Poudriere in a Jail

At the time of writing, this blog along with many other applications is hosted on a relatively small VM. Hence, the old-school approach of building every port yourself is tiresome and the omnipresence of Perl accompanied by tons of modules makes it a pain every time I fire up a new jail and need to install basic software.

The cool kids today use binary packages, which are of course available on FreeBSD. But sometimes, you still want to compile yourself, mostly when a maintainer has chosen a configuration that doesn’t fit your needs. Too bad mixing self-compiled ports and packages can lead to problems when upgrading, so let’s get things right.

Poudriere to the Rescue

Poudriere is the build system used for the official FreeBSD binary repositories. What I want on my machine is the following:

  • Always use FreeBSD binary packages on the host system.
  • Run poudriere in a jail, serving compiled packages via HTTP (because it’s easy) on a local interface
    • I’ll only build packages that actually need modification. Everything else will come from the offical repos.
  • Have all the other jails use both FreeBSD binary packages and the poudriere-jail packages with higher priority for the latter repository.

This enables me to run pkg upgrade in a tmux synchronize-panes session which is just how it should be.
Of course, you can use this guide for more complex setups, too.

Setup the Jail and Permissions

I use ezjail on my system, but the setup should work similarly on a regular setup. Plus: you get the advantage of using the new jail.conf configuration format.

Create an IP address for the poudriere-jail. Remember to persist this in rc.conf.

ifconfig em0 inet alias

Create the jail:

ezjail-admin create poudriere

Regardless of whether your ezjail-installation assigns a ZFS dataset to every jail or not: You need want a dedicated ZFS dataset for the poudriere-jail. Letting a jail manage a dataset is represented through the jailed property of a dataset.

zfs create -o jailed=on zroot/poudriere

Poudriere does some fancy stuff to speed things up, e.g. building on a RAM disk and creating nested jails for each platform you want to build on. Hence, that jail needs a lot of privileges.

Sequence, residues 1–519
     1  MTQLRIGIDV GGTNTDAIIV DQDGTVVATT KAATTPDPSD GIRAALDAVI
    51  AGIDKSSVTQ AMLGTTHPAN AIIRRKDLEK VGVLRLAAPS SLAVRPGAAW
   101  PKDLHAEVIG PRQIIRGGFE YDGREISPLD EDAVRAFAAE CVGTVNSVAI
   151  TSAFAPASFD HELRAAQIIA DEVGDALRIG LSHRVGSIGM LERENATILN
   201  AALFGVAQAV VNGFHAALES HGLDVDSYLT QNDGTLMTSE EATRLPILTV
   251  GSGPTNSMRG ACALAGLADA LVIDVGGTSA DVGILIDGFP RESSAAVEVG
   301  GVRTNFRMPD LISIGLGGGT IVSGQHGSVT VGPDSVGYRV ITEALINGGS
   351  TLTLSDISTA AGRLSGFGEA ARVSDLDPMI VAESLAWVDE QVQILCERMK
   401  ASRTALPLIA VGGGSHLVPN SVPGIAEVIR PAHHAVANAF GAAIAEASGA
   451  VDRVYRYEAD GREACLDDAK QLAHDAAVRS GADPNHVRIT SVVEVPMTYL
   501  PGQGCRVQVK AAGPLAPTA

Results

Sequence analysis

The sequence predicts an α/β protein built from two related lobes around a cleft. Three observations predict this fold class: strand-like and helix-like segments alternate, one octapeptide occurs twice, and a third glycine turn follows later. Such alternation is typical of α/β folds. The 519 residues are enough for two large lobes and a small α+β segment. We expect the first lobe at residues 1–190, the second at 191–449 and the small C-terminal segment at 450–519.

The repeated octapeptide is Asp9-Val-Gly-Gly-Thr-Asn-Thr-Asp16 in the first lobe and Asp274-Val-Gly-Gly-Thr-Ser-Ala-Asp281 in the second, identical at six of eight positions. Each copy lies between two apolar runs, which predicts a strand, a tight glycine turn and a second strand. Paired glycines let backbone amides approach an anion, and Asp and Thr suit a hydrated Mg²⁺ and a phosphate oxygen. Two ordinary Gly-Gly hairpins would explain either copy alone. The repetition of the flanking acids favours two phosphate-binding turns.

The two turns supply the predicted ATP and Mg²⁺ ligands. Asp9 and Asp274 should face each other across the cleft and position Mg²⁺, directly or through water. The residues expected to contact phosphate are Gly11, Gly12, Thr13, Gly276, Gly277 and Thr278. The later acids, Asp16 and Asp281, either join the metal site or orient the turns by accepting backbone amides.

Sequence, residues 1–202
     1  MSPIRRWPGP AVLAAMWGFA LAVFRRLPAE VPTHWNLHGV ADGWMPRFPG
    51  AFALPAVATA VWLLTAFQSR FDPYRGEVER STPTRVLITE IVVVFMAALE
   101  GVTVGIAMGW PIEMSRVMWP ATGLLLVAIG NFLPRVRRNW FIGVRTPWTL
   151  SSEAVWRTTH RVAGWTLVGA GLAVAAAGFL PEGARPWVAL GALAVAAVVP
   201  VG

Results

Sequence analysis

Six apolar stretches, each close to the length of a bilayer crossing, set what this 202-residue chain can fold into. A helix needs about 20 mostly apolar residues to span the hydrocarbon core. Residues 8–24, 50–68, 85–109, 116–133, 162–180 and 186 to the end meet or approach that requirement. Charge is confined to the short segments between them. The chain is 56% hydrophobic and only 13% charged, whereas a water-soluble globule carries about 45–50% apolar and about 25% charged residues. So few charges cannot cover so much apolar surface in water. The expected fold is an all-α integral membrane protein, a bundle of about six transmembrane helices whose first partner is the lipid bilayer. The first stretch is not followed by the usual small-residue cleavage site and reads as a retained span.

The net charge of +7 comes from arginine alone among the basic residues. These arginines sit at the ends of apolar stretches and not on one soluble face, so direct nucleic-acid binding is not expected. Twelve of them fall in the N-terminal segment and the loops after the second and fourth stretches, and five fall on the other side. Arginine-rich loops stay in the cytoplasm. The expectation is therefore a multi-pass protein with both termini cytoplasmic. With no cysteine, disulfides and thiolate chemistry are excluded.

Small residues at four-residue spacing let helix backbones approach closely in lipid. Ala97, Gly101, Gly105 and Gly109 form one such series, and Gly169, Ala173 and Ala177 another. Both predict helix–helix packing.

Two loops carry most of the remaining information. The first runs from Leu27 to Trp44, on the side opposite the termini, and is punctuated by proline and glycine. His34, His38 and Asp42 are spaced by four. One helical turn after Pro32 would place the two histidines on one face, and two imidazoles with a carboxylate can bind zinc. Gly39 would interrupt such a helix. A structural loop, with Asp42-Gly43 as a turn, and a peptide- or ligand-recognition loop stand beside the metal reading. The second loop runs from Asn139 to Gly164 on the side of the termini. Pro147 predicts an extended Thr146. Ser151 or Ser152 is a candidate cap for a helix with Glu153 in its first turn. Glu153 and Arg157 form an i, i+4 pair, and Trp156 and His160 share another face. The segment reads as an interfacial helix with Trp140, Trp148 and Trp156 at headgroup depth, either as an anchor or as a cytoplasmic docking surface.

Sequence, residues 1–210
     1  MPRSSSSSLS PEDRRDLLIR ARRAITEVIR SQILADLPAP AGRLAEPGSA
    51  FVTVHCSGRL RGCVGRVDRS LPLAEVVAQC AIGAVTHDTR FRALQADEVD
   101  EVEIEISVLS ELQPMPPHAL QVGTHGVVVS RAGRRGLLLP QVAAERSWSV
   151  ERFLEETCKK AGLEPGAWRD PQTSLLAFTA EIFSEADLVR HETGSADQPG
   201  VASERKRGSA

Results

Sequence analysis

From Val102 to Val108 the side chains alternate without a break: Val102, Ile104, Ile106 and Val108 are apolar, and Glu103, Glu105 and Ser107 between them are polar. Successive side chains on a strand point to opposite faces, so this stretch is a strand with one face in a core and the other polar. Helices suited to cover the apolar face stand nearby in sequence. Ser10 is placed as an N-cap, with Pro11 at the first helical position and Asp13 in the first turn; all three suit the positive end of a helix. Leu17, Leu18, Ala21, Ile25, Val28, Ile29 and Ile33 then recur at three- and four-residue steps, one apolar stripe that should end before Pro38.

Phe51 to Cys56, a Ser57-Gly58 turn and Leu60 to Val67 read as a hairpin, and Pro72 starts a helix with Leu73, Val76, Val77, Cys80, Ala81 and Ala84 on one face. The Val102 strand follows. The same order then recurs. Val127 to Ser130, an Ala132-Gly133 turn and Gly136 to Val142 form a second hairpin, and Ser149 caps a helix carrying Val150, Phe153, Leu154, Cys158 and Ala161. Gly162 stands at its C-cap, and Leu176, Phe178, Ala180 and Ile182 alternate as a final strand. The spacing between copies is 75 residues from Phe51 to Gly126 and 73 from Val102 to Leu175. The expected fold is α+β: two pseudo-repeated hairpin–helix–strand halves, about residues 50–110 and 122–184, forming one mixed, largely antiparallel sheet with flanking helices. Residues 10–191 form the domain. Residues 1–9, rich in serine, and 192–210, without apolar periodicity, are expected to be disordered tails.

After an hour of trying, I got things working with the following configuration for the jail.

Configure the Jail

Make the following adjustments in /usr/local/etc/ezjail/poudriere.

Assign the loopback-interface to the jail. According to this mailing list post, this is necessary to let poudriere create the nested build-jails.

export jail_poudriere_ip=","

Allow access to the dataset we created for poudriere.

export jail_poudriere_zfs_datasets="zroot/poudriere"

Allow creating up to ten child jails, mounting special filesystems and the ZFS build dataset.

export jail_poudriere_parameters="children.max=10 \
allow.mount allow.mount.tmpfs allow.mount.devfs allow.mount.procfs allow.mount.zfs allow.mount.nullfs \
allow.raw_sockets allow.socket_af allow.sysvipc allow.chflags enforce_statfs=1 ip6=inherit ip4=inherit"

Load kernel modules needed by poudriere and make sure they are loaded after reboot.

kldload tmpfs linux linprocfs nullfs procfs fdescfs
# persist these changes
echo 'kld_list="tmpfs linux linprocfs nullfs procfs fdescfsu"' >> /etc/rc.conf

Start the jail and make yourself comofortable there.

Setting up Poudriere

From now on, we operate in the poudriere-jail.

Install poudriere:

pkg install poudriere

Configure poudriere’s /usr/local/etc/poudriere.conf.
If you have enough resources, the default settings should suffice.
On my machine, I disabled TMPFS because I have limited RAM.
The config is well-commented and should get you through.

One thing: you want to sign the packages, even though at the moment, you have everything on the same machine. But this might change one day.
Create a public-private key pair…

mkdir -p /usr/local/etc/pki/poudriere
sudo openssl genrsa -out /usr/local/etc/pki/poudriere/poudriere.key 4096
sudo openssl rsa -in /usr/local/etc/pki/poudriere/poudriere.key -pubout -out /usr/local/etc/pki/poudriere/poudriere.crt

… and update the configuration file:

# /usr/local/etc/poudriere.conf

Poudriere Web Status Page


Since you’ll most likely serve the packages via HTTP, you will need an HTTP server on the machine anyways. So why not give something to look at while your machine is sweating?

You can set-up a read-only status page of the poudriere build-process using nginx.

pkg install nginx

Relevant part of /usr/local/etc/nginx/nginx.conf:

server {

        listen       80;
        server_name  localhost;

        # Point to the web-fronted
        location / {
            root /usr/local/share/poudriere/html/;
            index  index.html index.htm;

        error_page   500 502 503 504  /50x.html;
        location = /50x.html {
            root   /usr/local/www/nginx-dist;

        # This location is used by the web-interface
        location /data {
            alias /usr/local/poudriere/data/logs/bulk;
            autoindex on;

        # Use this as the base URL to serve packages via http
        location /packages {
            root /usr/local/poudriere/data/;
            index index.html;


Note: You probably still want to protect access to this web-server if you run it on the public internet. With an RFC1918 address on the jail interface, this is not the case.

Additional resources: